The epigraphs do not provide direct evidence of taxes prevailed during die period of study. But from the references of land grants and their different conditions i.e. royal dues or exemptions from them, to transfer or retention to their donees- the land revenue system can be outlined.
In the inscriptions of Eastern India, we do not find any reference to revenue terms. However, the charters of the Parivrajaks, the Uccakalpas, the Vakatakas and Sarabhapuriyas in the Central India, indicate different important revenue terms such as “Udranga”, “Uparika”, “bhoga-bhaga”, “Kara”, “hiranya”, “dhanya”, “klipta” and “upaklipta”.
In the Gangetic plains we do not find many inscriptions because land or villages were not granted in the core region of the Gupta empire. The two copper plates of Samudragupta indicate to “udranga”, “Uparikara”, and “bhoga-bhoga”.
The “Inscriptions of the Madhuban and “Banskheda” of Harshavardhana have been found in the seventh century A.D. and Banabhatta in “Harshacharita” mentions a number of grants, granted by the emperor “Harshavardhana”.
The “Madhuban” inscription mentions “Udranga”, “Sarvara jakula bhavya”, “pratyaya”, “Smeta”, Samucit tuly maya bhoga-bhoga kara”, “hiranya adi pratyaya”.
The most common revenue term is “bhoga- bhaga” or “bhoga-bhoga” is used, the “bhaga” may be taken as customary share of produce and “bhoga” may be taken as the periodical supplies of fruits, firewood, flowers and the like which the villagers had to supply to the king as stated in the Vakatakas grants.
Besides it is also supported by Manu and his commentators Medhatithi and Kulluka.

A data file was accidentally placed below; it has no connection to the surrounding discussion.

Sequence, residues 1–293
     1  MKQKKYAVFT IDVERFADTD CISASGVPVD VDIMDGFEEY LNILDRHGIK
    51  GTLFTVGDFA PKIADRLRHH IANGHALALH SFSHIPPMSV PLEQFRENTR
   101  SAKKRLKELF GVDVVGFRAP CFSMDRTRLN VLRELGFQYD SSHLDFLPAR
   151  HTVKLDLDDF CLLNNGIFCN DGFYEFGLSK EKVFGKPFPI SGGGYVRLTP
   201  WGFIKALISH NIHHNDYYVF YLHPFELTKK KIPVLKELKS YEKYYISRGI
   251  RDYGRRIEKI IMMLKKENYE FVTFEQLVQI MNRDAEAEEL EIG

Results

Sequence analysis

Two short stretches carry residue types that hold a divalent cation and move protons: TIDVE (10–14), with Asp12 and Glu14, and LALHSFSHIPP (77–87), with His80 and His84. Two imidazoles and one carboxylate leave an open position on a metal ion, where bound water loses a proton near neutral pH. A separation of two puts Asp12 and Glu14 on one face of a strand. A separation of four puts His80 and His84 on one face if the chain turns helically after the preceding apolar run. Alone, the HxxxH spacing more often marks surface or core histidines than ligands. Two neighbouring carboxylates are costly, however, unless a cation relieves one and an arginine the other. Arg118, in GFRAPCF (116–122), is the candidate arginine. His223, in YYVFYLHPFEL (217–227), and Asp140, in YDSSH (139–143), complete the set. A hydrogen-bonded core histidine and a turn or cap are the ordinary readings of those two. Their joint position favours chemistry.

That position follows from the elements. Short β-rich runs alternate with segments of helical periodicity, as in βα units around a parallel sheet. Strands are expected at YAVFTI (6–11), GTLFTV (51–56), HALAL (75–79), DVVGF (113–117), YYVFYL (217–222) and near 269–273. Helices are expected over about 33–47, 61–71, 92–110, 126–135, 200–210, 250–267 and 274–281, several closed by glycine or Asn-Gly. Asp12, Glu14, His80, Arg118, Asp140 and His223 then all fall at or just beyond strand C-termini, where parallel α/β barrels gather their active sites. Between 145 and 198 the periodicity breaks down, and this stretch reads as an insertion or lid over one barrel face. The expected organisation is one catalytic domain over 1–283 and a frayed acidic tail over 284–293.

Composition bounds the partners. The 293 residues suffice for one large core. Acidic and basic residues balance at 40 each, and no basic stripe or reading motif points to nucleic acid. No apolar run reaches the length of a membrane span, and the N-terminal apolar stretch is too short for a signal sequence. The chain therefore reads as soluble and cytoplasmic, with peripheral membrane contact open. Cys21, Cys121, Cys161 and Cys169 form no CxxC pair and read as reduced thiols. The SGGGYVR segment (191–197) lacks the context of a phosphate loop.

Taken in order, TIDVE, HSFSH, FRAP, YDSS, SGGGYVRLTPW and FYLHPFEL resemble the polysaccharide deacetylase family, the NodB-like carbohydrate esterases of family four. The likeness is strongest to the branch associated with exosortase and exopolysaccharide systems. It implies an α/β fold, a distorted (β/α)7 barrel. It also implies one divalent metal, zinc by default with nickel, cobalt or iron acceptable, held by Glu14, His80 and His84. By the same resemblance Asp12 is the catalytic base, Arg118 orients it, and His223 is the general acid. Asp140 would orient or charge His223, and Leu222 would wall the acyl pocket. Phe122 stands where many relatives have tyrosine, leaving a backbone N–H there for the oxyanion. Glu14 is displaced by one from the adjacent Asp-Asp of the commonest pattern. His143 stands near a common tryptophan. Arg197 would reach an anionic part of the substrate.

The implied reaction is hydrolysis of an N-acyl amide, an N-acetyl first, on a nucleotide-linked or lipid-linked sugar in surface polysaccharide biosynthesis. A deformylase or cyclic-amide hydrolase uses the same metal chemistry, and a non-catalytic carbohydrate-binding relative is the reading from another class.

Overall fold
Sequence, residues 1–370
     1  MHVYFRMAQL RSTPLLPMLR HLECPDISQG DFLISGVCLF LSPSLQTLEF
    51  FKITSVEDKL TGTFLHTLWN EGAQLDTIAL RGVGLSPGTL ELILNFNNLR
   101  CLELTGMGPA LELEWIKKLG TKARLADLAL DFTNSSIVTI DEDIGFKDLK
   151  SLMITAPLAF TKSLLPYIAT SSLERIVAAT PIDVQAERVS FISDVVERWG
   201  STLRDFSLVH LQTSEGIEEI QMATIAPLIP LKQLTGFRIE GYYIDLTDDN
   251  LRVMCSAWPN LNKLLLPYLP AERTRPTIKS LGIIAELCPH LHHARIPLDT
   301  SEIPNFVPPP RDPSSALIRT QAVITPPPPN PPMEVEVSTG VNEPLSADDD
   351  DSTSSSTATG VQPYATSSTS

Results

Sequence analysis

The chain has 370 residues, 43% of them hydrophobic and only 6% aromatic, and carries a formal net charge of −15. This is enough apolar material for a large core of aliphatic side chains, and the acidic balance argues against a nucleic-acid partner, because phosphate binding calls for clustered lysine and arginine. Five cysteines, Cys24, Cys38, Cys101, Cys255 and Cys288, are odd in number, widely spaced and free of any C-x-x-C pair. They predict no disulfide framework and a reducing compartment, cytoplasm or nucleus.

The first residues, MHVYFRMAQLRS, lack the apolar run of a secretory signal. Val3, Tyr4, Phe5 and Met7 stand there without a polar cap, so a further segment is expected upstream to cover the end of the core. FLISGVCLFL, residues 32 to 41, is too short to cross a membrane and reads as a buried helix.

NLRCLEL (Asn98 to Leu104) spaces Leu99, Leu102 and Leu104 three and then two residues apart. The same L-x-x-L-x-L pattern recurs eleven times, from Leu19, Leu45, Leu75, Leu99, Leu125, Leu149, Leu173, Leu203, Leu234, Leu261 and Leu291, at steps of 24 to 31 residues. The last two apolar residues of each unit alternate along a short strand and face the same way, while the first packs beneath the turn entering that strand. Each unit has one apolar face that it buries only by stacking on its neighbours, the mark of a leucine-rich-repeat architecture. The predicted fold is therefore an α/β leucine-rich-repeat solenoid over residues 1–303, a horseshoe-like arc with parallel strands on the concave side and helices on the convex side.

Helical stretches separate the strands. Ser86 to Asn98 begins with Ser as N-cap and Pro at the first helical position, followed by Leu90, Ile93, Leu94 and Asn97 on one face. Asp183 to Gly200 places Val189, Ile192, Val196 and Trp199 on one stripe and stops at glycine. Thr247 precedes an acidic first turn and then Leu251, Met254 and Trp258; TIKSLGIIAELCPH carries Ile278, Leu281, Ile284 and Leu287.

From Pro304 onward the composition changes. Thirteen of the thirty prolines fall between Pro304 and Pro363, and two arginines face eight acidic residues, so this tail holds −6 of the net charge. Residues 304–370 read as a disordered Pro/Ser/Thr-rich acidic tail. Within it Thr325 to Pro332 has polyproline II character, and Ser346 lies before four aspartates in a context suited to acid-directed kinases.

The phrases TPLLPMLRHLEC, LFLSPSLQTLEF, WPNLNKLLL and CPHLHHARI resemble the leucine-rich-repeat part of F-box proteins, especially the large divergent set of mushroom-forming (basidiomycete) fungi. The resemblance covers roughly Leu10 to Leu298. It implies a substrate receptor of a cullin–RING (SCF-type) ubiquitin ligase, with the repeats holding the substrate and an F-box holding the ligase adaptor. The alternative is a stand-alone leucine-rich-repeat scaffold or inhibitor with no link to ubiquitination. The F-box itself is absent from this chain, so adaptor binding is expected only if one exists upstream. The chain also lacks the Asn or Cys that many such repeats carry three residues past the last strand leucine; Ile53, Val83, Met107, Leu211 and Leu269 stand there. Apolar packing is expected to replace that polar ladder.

“Kara” is seems to have been of the nature of a periodical tax levied more or less universally from the villagers. The “Junagarh Inscription of Rudradaman” indicates that “Kara” was an oppressive tax.
“Hiranya” revenue term is found in all the inscriptions of Northern India. “Hiranya” literally means “gold” but technically, it means King’s share in certain crops which was paid in cash rather than in kind as “bhoga”.
It was levied on the cash crops such as ginger, cotton. Besides these fiscal terms, “Uparikara” and “Udranga” terms were used during 400 A.D. to 700 A.D. with exception of a few. “Uparikara” term is something like the Tamil term. “Melavaram” which was the crown’s share of the produce.
But this view is not certain because the terms “Udranga” and “Uparikara” occur along with the expression of “bhaga-bhoga kara” in the karitalai plate of 493-94 A.D. and the Khohplate 512-13 A.D.
Therefore, “Uparikara can neither be equated with “bhaga” nor with “bhoga”. As the term “upri” means “upon” or “extra” it has been explained as an extra cess or local tax. It is further debatable.
The term “Udranga” with “uparikara” is also difficult to explain. However it is recorded along with other normal royal dues like “uparikara “, “udranga ” also may have been a levy over and above the usual grain share. The term “ditya” literally exempt from all dues, forced labour and making gifts.
It means, “ditya” did not denote any particular tax but many taxes may have been included in it. The term “meya ” also appeared in central and Eastern India, which has been explained as taxes including the share of the produce and cash paid in lieu of the kind in proper time.
It may be a substitute for the general land tax known as “Bhaga”. The term “dhanya” also appears to have denoted the general land tax. “Dhanya” with “bhoga” and “bhaga” is indicated in the Kurud plate of fifth century A.D. It may be said that “dhanya” was also an unspecified tax.